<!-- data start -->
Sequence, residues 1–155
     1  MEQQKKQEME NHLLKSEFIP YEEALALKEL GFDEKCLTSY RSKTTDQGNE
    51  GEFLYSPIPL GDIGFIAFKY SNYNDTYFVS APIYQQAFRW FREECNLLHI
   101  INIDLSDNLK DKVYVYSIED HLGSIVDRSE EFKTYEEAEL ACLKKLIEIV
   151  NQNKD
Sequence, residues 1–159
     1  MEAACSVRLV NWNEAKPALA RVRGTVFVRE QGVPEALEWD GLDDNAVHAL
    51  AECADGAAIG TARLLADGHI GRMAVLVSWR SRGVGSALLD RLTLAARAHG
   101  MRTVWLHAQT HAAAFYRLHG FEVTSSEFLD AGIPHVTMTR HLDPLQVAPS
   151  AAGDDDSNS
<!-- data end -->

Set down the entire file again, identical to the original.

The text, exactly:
Sequence, residues 1–155
     1  MEQQKKQEME NHLLKSEFIP YEEALALKEL GFDEKCLTSY RSKTTDQGNE
    51  GEFLYSPIPL GDIGFIAFKY SNYNDTYFVS APIYQQAFRW FREECNLLHI
   101  INIDLSDNLK DKVYVYSIED HLGSIVDRSE EFKTYEEAEL ACLKKLIEIV
   151  NQNKD
Sequence, residues 1–159
     1  MEAACSVRLV NWNEAKPALA RVRGTVFVRE QGVPEALEWD GLDDNAVHAL
    51  AECADGAAIG TARLLADGHI GRMAVLVSWR SRGVGSALLD RLTLAARAHG
   101  MRTVWLHAQT HAAAFYRLHG FEVTSSEFLD AGIPHVTMTR HLDPLQVAPS
   151  AAGDDDSNS